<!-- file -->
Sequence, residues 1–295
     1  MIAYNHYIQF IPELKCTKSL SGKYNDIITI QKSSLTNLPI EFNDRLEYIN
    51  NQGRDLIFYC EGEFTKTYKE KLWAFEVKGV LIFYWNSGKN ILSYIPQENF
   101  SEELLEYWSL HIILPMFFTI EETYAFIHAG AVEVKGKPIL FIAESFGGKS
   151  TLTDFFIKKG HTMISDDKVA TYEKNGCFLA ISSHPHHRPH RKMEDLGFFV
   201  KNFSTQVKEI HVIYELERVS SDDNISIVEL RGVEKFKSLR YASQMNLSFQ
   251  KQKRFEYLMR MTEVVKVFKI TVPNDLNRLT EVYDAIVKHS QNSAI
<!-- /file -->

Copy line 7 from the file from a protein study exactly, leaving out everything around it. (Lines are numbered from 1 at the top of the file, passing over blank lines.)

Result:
   251  KQKRFEYLMR MTEVVKVFKI TVPNDLNRLT EVYDAIVKHS QNSAI